The Tour de France today announced the 22 teams, who will contest the race this year. Like the Giro d'Italia, the Tour followed the 2008 agreement with the UCI that required them to invite the 16 Pro Tour teams. This list includes all the teams you know: Milram, Cofidis, Français des Jeux, Robabank, well, you get the idea. The only surprise among the "automatic teams" is Footon-Servetto. Remember last year? Last year, the Tour excluded Footon-Servetto on the grounds that the team, who had doping skeletons stashed in its Saunier-Duval closet, would damage the image of the race. The sports arbitration court upheld that exclusion. Excluded no more, Footon-Servetto rides the Tour this year.
It's a great year to be an American team. Four American teams will race this year's Tour de France: HTC-Columbia received an automatic invite, while Garmin-Transitions, BMC Racing Team, and Team RadioShack all received coveted wild cards. There are no real surprises here. Garmin has been "in" with the Tour de France since the team began and brings a former fourth place finisher in Christian Vandevelde to the party. Team RadioShack has that Lance Armstrong guy. 'nuff said. BMC boasts the current World Champion, Cadel Evans, and the former World Champion Alessandro Ballan. Evans has finished consistently on the podium and has a couple of stage wins to his credit. Indeed, Christian Prudhomme, the race director, told l'Equipe that the transfer of Cadel Evans to BMC ensured their invitation and "complicated" the chances of the remaining teams.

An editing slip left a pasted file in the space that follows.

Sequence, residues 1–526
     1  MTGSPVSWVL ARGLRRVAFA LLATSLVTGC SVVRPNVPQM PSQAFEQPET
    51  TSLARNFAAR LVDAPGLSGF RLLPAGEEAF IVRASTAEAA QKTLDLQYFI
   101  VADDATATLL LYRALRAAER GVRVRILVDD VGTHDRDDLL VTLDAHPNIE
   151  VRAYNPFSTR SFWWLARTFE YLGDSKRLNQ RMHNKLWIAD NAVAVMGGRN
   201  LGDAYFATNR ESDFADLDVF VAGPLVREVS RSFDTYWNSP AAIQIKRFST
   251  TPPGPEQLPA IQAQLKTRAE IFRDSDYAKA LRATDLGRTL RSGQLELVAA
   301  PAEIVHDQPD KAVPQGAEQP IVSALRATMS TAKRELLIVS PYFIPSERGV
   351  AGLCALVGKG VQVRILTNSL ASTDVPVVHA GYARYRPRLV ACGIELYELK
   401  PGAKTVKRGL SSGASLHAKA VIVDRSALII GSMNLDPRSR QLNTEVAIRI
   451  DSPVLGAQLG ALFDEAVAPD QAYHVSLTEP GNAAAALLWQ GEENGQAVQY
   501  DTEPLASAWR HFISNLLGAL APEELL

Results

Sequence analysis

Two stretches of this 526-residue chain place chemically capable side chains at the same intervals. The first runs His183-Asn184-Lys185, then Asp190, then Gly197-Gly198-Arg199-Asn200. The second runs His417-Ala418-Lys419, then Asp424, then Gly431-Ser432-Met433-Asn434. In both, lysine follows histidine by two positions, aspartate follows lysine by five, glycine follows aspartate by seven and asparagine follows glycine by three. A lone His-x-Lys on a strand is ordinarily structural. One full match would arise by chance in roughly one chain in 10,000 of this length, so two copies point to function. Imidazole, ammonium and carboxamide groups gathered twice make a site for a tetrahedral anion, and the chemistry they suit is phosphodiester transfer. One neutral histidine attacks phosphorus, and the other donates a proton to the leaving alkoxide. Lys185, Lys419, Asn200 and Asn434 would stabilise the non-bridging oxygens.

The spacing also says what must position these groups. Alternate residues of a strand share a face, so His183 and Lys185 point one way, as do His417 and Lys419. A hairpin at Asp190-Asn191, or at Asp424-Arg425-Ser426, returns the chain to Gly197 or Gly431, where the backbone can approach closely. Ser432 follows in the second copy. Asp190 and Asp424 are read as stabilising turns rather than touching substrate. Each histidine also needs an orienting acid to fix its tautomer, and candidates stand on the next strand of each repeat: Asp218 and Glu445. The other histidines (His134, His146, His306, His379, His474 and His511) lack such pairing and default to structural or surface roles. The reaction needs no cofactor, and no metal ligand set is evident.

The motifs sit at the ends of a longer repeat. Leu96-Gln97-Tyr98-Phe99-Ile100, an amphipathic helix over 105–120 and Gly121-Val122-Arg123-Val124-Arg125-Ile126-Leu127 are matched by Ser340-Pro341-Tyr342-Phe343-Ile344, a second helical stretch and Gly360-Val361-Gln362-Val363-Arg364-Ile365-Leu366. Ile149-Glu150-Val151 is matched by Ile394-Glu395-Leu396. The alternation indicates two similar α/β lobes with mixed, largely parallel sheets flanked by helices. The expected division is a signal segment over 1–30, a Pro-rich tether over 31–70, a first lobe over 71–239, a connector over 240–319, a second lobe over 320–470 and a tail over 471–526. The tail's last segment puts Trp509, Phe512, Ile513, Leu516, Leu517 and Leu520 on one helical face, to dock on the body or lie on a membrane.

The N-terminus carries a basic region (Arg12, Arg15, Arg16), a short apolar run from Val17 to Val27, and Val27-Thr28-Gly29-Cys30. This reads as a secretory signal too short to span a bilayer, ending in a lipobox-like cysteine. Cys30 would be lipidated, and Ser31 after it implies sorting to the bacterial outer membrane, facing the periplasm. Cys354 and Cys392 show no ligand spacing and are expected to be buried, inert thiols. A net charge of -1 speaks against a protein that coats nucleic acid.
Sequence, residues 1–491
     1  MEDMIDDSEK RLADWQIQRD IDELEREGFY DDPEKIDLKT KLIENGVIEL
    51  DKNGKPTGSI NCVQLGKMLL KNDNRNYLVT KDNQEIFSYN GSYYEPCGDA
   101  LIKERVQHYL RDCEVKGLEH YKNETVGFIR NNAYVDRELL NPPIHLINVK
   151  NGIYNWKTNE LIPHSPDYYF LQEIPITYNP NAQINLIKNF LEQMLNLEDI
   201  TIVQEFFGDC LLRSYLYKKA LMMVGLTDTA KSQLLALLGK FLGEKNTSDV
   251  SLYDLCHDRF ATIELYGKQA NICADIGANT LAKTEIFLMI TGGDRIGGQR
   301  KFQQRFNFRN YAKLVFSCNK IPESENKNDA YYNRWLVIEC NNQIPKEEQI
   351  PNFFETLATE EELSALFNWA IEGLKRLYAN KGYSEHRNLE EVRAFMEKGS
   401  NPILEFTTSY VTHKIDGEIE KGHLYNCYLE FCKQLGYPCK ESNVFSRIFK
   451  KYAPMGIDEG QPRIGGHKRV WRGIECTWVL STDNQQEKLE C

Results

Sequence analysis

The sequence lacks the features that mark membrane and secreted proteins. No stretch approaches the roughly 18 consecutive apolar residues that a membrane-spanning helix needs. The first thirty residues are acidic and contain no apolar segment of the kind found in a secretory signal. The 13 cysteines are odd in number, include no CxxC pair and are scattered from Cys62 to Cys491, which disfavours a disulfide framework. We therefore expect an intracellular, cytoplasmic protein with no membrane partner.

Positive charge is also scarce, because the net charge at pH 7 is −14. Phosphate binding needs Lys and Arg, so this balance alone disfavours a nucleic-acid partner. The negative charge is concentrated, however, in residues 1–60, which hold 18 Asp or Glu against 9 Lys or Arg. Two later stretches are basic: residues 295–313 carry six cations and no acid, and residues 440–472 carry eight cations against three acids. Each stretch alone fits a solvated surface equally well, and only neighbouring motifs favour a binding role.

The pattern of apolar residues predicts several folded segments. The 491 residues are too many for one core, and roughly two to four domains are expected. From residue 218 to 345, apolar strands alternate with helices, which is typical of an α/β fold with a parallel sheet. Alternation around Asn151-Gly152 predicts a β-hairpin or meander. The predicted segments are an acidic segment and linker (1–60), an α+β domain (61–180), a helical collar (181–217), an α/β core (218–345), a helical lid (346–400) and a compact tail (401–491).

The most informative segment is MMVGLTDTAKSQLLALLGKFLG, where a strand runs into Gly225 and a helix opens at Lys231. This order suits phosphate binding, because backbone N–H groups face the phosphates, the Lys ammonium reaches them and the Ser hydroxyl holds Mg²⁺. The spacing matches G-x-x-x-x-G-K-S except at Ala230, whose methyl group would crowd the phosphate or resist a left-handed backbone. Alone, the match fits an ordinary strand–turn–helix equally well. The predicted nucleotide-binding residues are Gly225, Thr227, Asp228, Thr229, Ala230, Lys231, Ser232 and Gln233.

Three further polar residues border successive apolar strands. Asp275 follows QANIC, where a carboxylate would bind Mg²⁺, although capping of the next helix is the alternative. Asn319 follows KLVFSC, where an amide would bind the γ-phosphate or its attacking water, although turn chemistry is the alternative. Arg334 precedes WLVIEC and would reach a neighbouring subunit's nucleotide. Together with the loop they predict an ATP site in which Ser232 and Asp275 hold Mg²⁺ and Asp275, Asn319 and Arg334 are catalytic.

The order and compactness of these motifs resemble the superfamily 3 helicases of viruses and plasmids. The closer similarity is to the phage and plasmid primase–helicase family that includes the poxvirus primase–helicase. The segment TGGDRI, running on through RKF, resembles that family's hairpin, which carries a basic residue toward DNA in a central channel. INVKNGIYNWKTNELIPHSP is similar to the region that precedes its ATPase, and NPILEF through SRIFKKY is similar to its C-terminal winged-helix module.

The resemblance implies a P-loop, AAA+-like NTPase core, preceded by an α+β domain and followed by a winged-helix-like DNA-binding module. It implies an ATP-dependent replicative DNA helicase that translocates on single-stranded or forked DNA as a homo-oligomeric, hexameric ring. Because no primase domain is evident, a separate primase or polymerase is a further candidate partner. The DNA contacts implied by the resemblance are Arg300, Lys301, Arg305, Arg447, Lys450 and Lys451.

The Dutch hosts of the Tour de France départ will have to be content to cheer on Rabobank. Vacansoleil, best known for sprinter Borut Bozic and the scrappy stage hunter Johnny Hoogerland, did not get an invitation this year. The decision must come as a special disappointment to Vacansoleil after they hired the two French riders, Brice and Romain Feillu. Brice Feillu won a mountain stage last year, while Romain Feillu is a past Yellow Jersey wearer. Better luck next time, eh? Skil-Shimano will also watch the Tour de France from the sidelines. Though they are adept at the stage-chasing and animating role of a small team, Skil-Shimano fell victim to the expansion of teams at the top end.
Team Sky, Katusha, and Cervélo TestTeam complete the the wildcard list. None of these teams offers much in the way of a surprise. Sky has last year's fourth place finisher Bradley Wiggins, a former stage winner in Simon Gerrans, and Edvald Boasson Hagen. Also, they have lots of other talented riders. No brainer decision. Cervélo TestTeam brings Thor Hushovd, former Green Jersey, and Carlos Sastre, former Tour winner. Sastre's July plans remain unclear, he has said he will decide about the Tour after the Giro. Even without Sastre, Cervélo has plenty to offer the July party. Katusha? They're good for the stage-chasing, and they have Pozzato's hair. It's all about the hair.
Next season, the top 17 teams in the world rankings will automatically receive invitations to the grand tours. The race organizers will pick the remainning six teams. That should be fun. No doubt there will be tears.
Here's the full list of invited teams from the official Tour site.